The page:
07 May 2006

CAB gives Slab Murphy a €5.3m tax headache

Sunday Times

Dearbhail McDonald and Nicola Tallant
May 07, 2006

THE Criminal Assets Bureau (Cab) has issued High Court proceedings to recover €5.3m in assets from Thomas “Slab” Murphy. The summons, filed under the Taxes Consolidation Act (TCA), follows the raid on Murphy’s home and land earlier this year.

The claim, lodged in the High Court last month, follows a €10m Cab settlement with Tom McFeely, a former IRA hunger striker turned property developer.

A High Court order last month also gave the Cab permission to keep the €1m in cash and cheques gardai seized during the cross-border search of Murphy’s home last March. Murphy, the former chief of staff of the IRA, has yet to reply to the civil summons and has not instructed lawyers.

The tax bill — an early “guesstimate” of the proceeds of almost 30 years of fraud and crime by the Louth farmer — can only be challenged by way of an appeal.

The onus is now on Murphy, who built a multimillion-euro empire through fuel smuggling, money laundering and property deals, to challenge the bill through the courts. The alternative is to make a private settlement with the bureau.

Murphy’s empire has unravelled ever since he lost a libel action against The Sunday Times in which he denied being a member of the IRA. Gardai and the PSNI are now determined to stamp out criminal activity in the republican movement in advance of a political settlement in Northern Ireland.

Gardai say the €5.3m bill is an “initial instalment”, and it could increase hugely as the investigation into Murphy’s affairs continues. “This is only the beginning,” said a senior investigating officer who participated in the raid. “Slab has never been convicted of any crime, but a civil case like this will hit him where it hurts. It is a stroke of genius.”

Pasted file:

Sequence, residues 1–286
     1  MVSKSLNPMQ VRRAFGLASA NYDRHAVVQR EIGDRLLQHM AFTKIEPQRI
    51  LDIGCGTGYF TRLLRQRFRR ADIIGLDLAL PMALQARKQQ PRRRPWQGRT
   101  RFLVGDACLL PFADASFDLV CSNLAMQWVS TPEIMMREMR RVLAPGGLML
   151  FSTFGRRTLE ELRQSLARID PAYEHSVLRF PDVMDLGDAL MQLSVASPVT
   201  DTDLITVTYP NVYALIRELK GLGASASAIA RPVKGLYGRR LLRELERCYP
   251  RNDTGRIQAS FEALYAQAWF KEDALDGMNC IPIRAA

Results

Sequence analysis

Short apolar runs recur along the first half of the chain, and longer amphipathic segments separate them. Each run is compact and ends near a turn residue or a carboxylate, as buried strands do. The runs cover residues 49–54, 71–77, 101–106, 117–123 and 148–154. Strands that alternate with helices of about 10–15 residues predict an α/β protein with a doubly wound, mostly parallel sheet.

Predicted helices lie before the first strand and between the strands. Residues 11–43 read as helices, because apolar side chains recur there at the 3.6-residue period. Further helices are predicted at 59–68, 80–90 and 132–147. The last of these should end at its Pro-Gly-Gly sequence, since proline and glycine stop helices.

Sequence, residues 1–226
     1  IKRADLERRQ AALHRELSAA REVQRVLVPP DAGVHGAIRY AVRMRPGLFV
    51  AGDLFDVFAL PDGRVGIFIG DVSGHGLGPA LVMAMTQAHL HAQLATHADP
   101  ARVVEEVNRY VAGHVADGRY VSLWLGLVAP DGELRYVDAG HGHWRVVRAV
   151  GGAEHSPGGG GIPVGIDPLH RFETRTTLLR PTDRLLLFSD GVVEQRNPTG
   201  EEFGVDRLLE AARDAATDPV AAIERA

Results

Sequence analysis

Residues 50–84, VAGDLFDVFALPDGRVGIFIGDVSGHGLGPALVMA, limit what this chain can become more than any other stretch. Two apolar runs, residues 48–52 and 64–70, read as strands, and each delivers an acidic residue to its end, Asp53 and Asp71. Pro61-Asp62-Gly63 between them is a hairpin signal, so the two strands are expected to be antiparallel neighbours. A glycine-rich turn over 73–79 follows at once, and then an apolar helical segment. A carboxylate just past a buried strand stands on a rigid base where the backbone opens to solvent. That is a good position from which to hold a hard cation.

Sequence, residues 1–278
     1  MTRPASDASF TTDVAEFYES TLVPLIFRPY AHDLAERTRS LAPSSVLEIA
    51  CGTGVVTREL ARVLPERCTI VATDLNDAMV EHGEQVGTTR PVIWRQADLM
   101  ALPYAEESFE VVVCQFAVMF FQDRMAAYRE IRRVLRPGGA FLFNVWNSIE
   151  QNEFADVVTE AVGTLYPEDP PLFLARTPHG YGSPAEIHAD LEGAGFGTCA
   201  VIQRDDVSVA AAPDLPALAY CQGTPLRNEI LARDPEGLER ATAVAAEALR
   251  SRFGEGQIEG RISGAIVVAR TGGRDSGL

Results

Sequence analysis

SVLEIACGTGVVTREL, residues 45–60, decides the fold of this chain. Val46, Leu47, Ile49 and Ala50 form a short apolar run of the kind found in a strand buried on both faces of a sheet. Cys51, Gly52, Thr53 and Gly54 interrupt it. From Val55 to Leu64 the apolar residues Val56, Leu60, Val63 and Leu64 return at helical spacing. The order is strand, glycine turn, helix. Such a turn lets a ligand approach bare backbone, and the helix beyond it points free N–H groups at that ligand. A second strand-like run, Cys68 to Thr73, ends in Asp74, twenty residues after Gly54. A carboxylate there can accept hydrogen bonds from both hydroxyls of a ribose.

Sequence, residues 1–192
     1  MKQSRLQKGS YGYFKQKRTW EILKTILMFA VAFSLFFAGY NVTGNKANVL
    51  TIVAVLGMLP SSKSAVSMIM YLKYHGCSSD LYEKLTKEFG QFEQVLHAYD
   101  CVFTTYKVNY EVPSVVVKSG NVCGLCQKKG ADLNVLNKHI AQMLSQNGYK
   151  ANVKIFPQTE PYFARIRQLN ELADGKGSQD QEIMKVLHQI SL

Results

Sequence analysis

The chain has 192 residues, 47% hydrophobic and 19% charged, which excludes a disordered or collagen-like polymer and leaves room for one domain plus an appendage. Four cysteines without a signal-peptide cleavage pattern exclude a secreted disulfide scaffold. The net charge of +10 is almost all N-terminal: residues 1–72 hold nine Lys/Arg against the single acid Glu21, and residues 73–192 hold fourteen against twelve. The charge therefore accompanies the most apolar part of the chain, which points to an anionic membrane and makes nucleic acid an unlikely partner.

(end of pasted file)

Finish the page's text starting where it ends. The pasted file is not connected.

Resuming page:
During the raid, the Cab served an income tax assessment notice on Murphy in his absence. It was placed on his kitchen table, beside his half-eaten breakfast.

Meanwhile, other officers found cash and cheques in plastic bags in a hay shed. Up to 12 vehicles, about 30,000 cigarettes and a large quantity of fuel suspected were seized. There were also two shotguns and chemicals that could be used for doctoring diesel.

Murphy, who slipped the security cordon and fled after getting a few minutes’ notice of the raid, had 28 days to appeal the assessment notice or settle his affairs with the Cab. He failed to do so, resulting in last month’s court order.

Under the TCA, the burden rests on any person appealing an income tax assessment notice to prove that the finding is inaccurate.

They must do this by giving sworn evidence in a witness box — declaring their true income and filing returns. This prospect is likely to hold little appeal for the notoriously secretive Murphy.

Officers from the Cab, who filed the action in the High Court on April 24, have attempted to contact several legal firms who have previously acted for Murphy in an attempt to settle the claim.

While it has been widely reported that Murphy has gone to ground since the raid, the Gaelic football fanatic has actually been staying with family and friends and has been spotted at fixtures involving Naomh Malachi, a Gaelic football team based in Sheelag.

He has also been spotted in Dundalk by garda surveillance officers.

Murphy is the second high-profile republican entrepreneur to be targeted by the Cab this year. The agency recently settled a €10m claim with McFeely, a key player in the €500m extension of The Square shopping centre in Tallaght.

The former IRA member served 12 years of a 26-year sentence in the Maze prison for robbing a post office and shooting and wounding an RUC officer during a siege of a house in Co Derry. Now resident on Dublin’s upmarket Ailesbury Road, McFeely worked his way into the Square deal through a shrewd property manoeuvre.

After he was convicted by the Belfast City Commission Court in 1977, a judge told McFeely: “You are a danger to the public and a greater danger to the police. It is clear that you must be put away for a long time.”

McFeely replied: “I may serve the term, but you will not.”

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